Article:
A second feature of superheroes is the power. It is one of the most identifiable characteristics of superheroes (Coogan 31). Hand describes Superman and Wonder Man as characters with “miraculous strength and speed” (qtd. in Coogan 31) and being “wholly impervious” (qtd. in Coogan 31) to harm (Coogan 31). Powers can again be used to distinguish characters because superheroes have abilities that are “far superior to those of ordinary people” (Smith and Duncan 227). Of course the powers should be used to help people in need. Smith and Duncan also point out that there are superheroes without immediately identifiable superpower, for instance Batman (227). However, they also argue that these kind superheroes possess features which set them apart from ordinary people. Batman is an incredible athlete and detective, he can endure a lot of pain and punishment, and due to his vast wealth, he is able to make use of the latest technology in battle (Smith and Duncan 227). Many superheroes also have limitations in their powers. These limitations can be caused both by external and internal factors. External factors include everything from the outer world that might affect the superhero, for instance Superman’s adverse reaction to kryptonite. Internal factors refer to the superhero’s own personalities, for example Spiderman’s self-doubt (Smith and Duncan 227).

According to Hand, superheroes are “champion[s] of the oppressed who fight “evil and injustice” (qtd. in Coogan 30). From that, Coogan derives a third feature – the superhero’s mission (30). The mission has to be prosocial and selfless. Thus, the superhero s “fight against evil must fit in with the existing, professed mores of society and must not […] benefit […] his own agenda” (Coogan 31). In other words, the superhero must act selflessly when helping people in need. Smith and Duncan even state that “when a character creates a superhero identity, he or she is making a commitment to help those in need and fight evil” (226). This commitment is the superhero’s mission. Gaining personally from powers or even using them to harm people will result in the loss of the superhero status. Interestingly, Coogan claims that the absent of the mission would transform a superhero into an “extraordinarily helpful individual” (31). This clearly shows the importance of this feature. By having a mission, a commitment or a dedication, superheroes can be distinguished by ordinary people.

3. The deconstruction of the superheroes and their dispensability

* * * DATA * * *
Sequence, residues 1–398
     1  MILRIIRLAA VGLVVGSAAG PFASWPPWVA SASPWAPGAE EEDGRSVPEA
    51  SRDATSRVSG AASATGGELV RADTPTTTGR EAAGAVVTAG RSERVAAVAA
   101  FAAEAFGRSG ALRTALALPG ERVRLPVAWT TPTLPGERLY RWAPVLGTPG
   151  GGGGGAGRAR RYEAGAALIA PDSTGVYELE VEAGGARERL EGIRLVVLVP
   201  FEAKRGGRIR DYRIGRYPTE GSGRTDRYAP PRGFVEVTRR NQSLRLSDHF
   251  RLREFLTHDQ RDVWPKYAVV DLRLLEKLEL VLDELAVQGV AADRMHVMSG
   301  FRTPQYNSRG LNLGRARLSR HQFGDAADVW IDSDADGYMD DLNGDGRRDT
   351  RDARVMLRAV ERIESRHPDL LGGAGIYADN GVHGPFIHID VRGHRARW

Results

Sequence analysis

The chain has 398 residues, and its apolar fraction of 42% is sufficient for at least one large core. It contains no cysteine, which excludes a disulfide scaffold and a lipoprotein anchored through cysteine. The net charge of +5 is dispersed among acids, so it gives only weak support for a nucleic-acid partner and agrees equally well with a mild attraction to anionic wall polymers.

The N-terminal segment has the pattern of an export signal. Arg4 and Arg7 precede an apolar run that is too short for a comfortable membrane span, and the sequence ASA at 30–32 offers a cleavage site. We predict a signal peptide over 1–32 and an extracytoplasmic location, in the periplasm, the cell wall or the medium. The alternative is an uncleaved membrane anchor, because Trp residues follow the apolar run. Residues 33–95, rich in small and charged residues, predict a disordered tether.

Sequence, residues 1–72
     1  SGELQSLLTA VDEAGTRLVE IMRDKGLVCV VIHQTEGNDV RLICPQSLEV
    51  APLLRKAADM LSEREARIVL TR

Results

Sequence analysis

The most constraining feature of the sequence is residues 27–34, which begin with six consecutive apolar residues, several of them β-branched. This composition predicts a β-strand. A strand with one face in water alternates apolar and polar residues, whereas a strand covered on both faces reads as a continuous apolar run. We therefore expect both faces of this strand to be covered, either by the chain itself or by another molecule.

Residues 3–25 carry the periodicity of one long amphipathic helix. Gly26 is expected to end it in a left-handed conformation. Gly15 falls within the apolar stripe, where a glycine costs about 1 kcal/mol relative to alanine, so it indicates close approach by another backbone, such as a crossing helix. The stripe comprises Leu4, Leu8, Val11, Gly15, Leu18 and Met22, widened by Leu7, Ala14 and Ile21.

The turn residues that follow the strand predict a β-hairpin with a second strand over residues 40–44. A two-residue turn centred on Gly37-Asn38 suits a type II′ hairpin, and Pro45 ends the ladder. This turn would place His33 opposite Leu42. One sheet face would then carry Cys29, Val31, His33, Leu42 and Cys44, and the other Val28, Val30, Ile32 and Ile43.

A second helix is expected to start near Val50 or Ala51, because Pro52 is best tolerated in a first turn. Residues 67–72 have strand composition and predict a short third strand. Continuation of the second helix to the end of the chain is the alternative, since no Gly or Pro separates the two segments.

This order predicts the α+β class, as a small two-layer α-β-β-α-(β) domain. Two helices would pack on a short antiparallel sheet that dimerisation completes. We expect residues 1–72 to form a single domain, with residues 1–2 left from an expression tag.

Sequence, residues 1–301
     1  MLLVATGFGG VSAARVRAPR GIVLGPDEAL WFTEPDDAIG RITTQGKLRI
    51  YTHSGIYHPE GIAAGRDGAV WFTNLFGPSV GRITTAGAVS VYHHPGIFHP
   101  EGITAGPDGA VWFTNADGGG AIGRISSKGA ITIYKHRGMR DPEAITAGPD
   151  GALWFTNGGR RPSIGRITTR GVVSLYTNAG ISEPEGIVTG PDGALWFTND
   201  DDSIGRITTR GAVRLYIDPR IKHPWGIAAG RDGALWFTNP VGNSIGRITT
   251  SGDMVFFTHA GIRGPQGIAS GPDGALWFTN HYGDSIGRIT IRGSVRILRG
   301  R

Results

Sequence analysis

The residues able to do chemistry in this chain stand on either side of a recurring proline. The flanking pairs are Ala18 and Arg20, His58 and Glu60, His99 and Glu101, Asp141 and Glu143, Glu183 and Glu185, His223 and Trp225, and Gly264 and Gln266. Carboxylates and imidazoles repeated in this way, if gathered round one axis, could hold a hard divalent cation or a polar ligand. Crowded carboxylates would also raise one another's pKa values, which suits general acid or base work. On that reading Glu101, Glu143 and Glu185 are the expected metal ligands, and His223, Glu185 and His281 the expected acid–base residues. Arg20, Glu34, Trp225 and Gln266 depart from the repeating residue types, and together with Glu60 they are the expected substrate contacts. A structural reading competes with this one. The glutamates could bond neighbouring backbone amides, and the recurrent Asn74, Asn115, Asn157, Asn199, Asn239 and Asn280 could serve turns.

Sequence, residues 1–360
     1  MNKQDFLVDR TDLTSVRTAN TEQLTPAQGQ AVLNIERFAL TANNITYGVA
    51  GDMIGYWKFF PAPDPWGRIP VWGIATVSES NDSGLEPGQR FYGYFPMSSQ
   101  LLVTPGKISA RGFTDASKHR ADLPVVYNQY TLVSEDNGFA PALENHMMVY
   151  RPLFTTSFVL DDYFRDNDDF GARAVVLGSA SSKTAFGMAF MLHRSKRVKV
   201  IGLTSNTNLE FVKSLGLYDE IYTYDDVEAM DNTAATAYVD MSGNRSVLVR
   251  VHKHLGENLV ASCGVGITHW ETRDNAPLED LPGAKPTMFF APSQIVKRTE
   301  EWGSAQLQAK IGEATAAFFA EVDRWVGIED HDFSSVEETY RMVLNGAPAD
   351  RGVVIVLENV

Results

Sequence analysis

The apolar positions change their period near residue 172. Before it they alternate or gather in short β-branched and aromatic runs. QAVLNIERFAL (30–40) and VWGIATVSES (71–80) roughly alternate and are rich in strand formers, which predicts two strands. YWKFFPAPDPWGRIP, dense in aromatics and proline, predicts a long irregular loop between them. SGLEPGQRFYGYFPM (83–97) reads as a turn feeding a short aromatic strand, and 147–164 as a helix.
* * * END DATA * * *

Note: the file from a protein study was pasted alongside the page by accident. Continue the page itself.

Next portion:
At this point, I want to make clear that Coogan defines superheroes with the aim of classifying characters as superheroes and, thus, differentiating them from other characters. This is not what I want to with the characters of Watchmen. I will not examine whether the protagonists of Watchmen are superheroes. For the purpose of my thesis, I need to take their position as superheroes already for granted. I will use Coogan’s definition as a basis to prove that the superheroes and stereotypical superhero features are dispensable. I also want to highlight here that there is a distinction between the dispensability of the superhero character itself and the dispensability of these conventional superhero features. The protagonists of Watchmen serve as a medium to defy these features.

3.1 Rorschach

The first superhero I want to analyse is Walter Kovacs or Rorschach. He has a dual identity. His superhero name derives from the mask he is wearing. The mask itself has a specific black and white pattern, which refers to a psychological test in which the participants have to interpret inkblot images. The colours black and white never mix on the mask. Interestingly, the mask is connected to Rorschach’s inner character. The fact that the colours do not intermingle shows Rorschach’s “well established moral code” (Flynn 21). He is an arbiter of justice (Flynn 19). Rorschach states: “Because there is good and there is evil, and evil must be punished” (Moore and Gibbons 24; ch. 1). This is a statement every superhero with a sense of justice could have made. What is difference between Rorschach and other stereotypical superheroes now? Is he a dispensable character?